Thursday February 17, 2011
With the imminent release in Australia of the US education documentary “Waiting for Superman” which spruiks the role of charter schools in improving education outcomes, a study on charter schools published last month provides some sound research to assess the film.
The study found that charter schools segregate students by race and class in the United States. It found that charter schools are more racially isolated than traditional public schools in virtually every state and large metropolitan area.
In some regions, white students are overrepresented in charter schools while in other charter schools Black and Hispanic students have little exposure to white students. It also found that while data about the extent to which charter schools serve low-income and English Language Learners (ELL) is incomplete, it does suggest that a large proportion of charter schools do not enrol these students.
The study analysed the relationship between charter schools and segregation across 40 US states, the District of Columbia, and several dozen metropolitan areas with large enrolments of charter school students in 2007–08.
It also notes that extensive studies exploring the benefits of charter schools reveal no net academic gains for students as indicated by test scores. There is little known about the impact of charters on other achievement benchmarks like graduation rates or college matriculation, especially for racial and ethnic sub-groups.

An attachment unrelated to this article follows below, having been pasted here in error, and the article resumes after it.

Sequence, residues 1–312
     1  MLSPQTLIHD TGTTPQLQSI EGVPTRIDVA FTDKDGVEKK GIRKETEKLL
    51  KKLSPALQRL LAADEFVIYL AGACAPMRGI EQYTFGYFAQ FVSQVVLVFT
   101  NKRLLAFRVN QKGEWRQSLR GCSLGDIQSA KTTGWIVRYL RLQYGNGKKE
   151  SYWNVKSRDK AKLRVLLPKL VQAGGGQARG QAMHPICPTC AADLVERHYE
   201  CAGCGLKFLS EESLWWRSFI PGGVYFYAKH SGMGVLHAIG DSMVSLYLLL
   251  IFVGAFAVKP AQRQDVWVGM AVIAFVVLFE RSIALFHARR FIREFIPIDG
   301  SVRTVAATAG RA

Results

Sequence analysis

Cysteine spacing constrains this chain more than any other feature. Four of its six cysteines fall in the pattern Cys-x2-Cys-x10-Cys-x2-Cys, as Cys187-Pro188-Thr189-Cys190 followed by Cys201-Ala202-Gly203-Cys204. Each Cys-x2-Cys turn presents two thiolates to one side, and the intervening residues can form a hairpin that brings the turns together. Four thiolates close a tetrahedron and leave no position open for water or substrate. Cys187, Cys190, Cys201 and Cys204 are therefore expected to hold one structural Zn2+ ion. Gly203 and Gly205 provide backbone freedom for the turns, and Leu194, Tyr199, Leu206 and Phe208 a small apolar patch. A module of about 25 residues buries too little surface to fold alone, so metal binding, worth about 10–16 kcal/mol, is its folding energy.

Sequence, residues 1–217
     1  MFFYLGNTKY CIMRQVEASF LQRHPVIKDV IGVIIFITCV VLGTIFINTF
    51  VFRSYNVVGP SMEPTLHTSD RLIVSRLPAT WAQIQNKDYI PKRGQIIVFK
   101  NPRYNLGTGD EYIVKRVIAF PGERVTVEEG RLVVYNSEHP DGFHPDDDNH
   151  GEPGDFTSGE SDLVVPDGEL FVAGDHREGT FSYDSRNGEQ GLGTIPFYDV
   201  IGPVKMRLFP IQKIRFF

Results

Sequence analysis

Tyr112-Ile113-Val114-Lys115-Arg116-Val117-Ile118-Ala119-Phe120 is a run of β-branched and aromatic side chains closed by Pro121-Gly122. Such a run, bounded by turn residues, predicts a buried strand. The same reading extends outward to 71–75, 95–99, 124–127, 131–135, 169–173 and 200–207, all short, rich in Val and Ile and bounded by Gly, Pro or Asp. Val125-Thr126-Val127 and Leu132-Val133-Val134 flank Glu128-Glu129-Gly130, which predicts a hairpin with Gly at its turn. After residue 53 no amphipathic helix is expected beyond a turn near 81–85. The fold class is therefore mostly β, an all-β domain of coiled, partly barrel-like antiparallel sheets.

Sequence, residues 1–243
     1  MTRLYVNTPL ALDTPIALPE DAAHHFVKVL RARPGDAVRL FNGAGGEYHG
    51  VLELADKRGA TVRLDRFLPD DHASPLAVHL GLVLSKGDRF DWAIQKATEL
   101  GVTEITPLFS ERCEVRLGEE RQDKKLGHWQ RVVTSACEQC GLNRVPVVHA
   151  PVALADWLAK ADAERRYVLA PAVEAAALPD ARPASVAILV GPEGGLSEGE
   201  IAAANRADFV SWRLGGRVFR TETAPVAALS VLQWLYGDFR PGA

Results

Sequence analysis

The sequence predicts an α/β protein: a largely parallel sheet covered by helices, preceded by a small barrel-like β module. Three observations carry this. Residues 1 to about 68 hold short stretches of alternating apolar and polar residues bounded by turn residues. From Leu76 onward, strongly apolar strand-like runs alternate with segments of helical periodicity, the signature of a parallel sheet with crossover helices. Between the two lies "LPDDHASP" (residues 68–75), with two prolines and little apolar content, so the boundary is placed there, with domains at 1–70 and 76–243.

Despite this, several new federal initiatives by the Obama Administration will likely result in an even more rapid expansion in the coming years than in the previous decade. The policies encouraging charter growth are built upon the belief that charter schools can contribute significantly to improving public schools. However, impact of charters on diversity in schools is almost never mentioned.
The study demonstrates that, while segregation for Blacks among all public schools has been increasing for nearly two decades, black students in charter schools are far more likely than their traditional public school counterparts to be educated in intensely segregated settings. Two out of every three Black charter school students attend intensely segregated schools in fifteen states across the country. In four of those states, 90% of Black students attend a hyper-segregated charter school. These figures are staggering, and remain considerably higher than in states with the highest Black segregation among regular public schools.
In addition, more than two-fifths of black charter school students attended schools where 99% of students were from under-represented minority backgrounds. That figure was, by far, the highest of any other racial group, and nearly three times as high as black students in traditional public schools.
While patterns of charter school segregation are most striking for Black students, other racial groups have also experienced greater isolation due to charters. In the West, where traditional public schools are the most racially diverse, and in some areas of the South, White students are over-enrolled in charter schools. In some cases, White segregation is higher in charter schools despite the fact that overall charter schools enrol fewer White students. These trends suggest that charter schools are contributing to “white flight” in the country’s two most racially diverse regions.